A fast point-to-point race (like a rally game), where the scenes are loaded in real time from disk. No reused assets, all fresh, new and detailed. You would need a drive not only fast, but with sustainable performance.

    There may never be a game that pushes it hard, but it still is a technical possibility.
    Yeah, I was not trying to discount the technical possibilities of making a game that requires more from a storage device than Ratchet and Clank, but rather that the odds someone is going to do so are very low. Improbable != Impossible.
    Reply
  • Mandark
    can it take a Crucial P5 Plus? because that's what I would put in it

    I have several Crucial P5 nvme in usb enclosure. use two of them as external SSD game storage for my consoles and they are perfect
    Reply
  • VforV
    I guess you all forgot about the PS5 + UE5 show Lumen and Land of Nanite, that's exactly the kind of scenario where the SSD+IO is used even more than R&C RA, especially the last section of high speed flying and streaming of high rez assets (billions of polys), but not only.

    Of course I'm talking about 1st party exclusives here when I say, there will be games on PS5 that push the SSD+IO to it's limit, this is PS5 we're talking about here. This is what they do, like they amazed us with those games on PS4 era, the best of Sony studios will do it again with PS5, it's just a matter of time... and the SSD+IO will be part of that.

    If you thought R&C RA or HFW or GoW2 is all they can do, you're naive, this gen is only getting started and we all know based on the past that the best of them come after the 2nd half of the console generation. The minimum official specs of that SDD will come into play then.

    But hey let's bury our head into sand and not look into the future at all, because ignorance is a bliss.

    I remain by my 1st statement: this article and others and YT videos are spreading ill advised buying recommendations regarding SSDs for PS5.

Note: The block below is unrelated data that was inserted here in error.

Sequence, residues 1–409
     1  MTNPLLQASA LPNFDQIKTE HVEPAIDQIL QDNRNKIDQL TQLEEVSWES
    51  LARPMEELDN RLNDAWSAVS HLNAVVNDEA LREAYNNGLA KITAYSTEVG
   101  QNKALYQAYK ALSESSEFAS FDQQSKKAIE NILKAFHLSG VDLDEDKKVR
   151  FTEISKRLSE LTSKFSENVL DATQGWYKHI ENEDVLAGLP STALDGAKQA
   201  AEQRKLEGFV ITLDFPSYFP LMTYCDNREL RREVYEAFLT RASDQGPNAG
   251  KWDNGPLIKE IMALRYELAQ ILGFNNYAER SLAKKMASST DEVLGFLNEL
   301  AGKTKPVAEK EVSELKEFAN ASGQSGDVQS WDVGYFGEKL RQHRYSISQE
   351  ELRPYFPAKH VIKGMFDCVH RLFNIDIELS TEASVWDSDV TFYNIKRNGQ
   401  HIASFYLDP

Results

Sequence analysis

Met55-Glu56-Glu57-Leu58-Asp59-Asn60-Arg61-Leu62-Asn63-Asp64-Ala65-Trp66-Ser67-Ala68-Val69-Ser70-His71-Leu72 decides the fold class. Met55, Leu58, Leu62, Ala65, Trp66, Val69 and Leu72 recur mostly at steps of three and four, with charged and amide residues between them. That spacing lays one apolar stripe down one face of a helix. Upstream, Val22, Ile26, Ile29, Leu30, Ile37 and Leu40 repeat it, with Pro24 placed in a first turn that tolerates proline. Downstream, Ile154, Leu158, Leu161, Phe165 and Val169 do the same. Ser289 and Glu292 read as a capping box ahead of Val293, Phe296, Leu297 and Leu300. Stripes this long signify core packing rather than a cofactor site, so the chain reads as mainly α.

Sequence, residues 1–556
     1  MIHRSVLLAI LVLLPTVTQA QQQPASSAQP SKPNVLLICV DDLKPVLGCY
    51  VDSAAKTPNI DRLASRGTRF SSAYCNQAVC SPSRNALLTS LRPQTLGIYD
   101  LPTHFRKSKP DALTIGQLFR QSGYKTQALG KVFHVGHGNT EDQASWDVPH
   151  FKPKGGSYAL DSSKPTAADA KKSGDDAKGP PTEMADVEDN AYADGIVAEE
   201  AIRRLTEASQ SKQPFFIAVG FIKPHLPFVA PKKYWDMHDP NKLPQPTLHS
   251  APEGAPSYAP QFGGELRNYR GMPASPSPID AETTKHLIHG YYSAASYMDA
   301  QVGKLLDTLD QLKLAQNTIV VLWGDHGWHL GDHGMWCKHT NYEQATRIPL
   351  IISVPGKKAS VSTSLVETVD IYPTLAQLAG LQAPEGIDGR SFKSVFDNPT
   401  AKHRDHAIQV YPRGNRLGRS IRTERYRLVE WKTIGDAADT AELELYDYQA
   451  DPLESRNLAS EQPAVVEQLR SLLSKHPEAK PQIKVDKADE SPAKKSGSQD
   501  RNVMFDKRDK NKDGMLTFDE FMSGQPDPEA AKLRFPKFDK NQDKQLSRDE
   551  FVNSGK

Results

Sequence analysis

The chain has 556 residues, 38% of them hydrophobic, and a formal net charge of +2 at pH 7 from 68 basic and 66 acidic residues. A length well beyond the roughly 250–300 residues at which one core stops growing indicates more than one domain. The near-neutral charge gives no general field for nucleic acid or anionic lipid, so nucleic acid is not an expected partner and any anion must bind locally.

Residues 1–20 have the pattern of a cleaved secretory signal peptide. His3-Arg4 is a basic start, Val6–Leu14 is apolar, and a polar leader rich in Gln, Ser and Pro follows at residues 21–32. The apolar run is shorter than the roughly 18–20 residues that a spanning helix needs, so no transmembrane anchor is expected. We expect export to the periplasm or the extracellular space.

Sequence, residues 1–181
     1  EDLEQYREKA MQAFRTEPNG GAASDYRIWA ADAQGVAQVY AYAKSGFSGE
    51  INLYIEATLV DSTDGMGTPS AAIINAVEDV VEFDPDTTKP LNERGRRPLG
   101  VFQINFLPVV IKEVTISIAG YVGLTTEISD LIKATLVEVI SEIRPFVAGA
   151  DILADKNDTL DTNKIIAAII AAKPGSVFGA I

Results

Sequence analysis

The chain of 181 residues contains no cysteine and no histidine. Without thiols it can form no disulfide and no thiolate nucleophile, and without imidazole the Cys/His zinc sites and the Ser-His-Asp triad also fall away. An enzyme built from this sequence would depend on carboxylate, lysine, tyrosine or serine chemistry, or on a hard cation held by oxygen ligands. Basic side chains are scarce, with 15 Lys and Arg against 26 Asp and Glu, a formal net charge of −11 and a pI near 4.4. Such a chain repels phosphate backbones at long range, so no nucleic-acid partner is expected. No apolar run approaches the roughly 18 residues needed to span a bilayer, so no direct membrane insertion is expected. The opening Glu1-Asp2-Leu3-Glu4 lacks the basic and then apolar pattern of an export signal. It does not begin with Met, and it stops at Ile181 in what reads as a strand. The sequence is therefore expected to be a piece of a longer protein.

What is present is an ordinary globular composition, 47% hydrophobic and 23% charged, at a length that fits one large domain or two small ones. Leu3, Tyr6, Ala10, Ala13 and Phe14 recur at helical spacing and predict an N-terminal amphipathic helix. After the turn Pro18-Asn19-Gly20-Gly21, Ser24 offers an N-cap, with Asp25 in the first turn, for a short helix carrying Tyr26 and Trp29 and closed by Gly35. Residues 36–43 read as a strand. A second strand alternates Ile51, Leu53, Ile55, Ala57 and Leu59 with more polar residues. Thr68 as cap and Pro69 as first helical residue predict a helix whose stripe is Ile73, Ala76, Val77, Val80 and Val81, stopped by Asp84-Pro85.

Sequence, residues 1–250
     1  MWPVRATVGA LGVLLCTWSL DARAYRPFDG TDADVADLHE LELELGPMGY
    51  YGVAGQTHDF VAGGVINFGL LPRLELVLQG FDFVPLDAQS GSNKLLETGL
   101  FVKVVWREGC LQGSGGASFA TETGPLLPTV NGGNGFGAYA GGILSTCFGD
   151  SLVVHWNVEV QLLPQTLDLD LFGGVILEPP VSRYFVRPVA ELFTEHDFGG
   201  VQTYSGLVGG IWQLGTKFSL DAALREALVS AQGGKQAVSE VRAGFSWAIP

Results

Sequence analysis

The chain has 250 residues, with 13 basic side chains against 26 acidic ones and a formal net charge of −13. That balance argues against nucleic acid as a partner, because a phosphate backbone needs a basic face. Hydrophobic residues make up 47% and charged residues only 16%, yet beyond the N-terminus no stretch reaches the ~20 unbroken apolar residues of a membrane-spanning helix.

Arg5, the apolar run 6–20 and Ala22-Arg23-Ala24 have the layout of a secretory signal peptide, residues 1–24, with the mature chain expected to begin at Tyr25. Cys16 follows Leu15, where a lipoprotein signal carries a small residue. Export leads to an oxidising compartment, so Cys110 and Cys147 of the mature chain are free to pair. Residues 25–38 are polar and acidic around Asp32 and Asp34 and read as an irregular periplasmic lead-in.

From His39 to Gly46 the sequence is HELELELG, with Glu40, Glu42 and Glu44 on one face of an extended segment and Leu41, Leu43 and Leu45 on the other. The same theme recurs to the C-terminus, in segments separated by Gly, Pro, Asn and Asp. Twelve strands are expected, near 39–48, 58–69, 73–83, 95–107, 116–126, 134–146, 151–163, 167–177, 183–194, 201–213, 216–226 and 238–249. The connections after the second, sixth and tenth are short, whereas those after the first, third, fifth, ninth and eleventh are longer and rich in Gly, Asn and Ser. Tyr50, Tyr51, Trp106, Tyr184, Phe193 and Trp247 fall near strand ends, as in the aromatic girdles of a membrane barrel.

Reply
  • helper800
    VforV said:
    I guess you all forgot about the PS5 + UE5 show Lumen and Land of Nanite, that's exactly the kind of scenario where the SSD+IO is used even more than R&C RA, especially the last section of high speed flying and streaming of high rez assets (billions of polys), but not only.

    Of course I'm talking about 1st party exclusives here when I say, there will be games on PS5 that push the SSD+IO to it's limit, this is PS5 we're talking about here. This is what they do, like they amazed us with those games on PS4 era, the best of Sony studios will do it again with PS5, it's just a matter of time... and the SSD+IO will be part of that.

    If you thought R&C RA or HFW or GoW2 is all they can do, you're naive, this gen is only getting started and we all know based on the past that the best of them come after the 2nd half of the console generation. The minimum official specs of that SDD will come into play then.

    But hey let's bury our head into sand and not look into the future at all, because ignorance is a bliss.

    I remain by my 1st statement: this article and others and YT videos are spreading ill advised buying recommendations regarding SSDs for PS5.
    You do not understand how this hardware is actually utilized by the games being played on them. This is not bad advice just because you disagree with it. I want to know how you are so qualified to say this article is wrong.
    Reply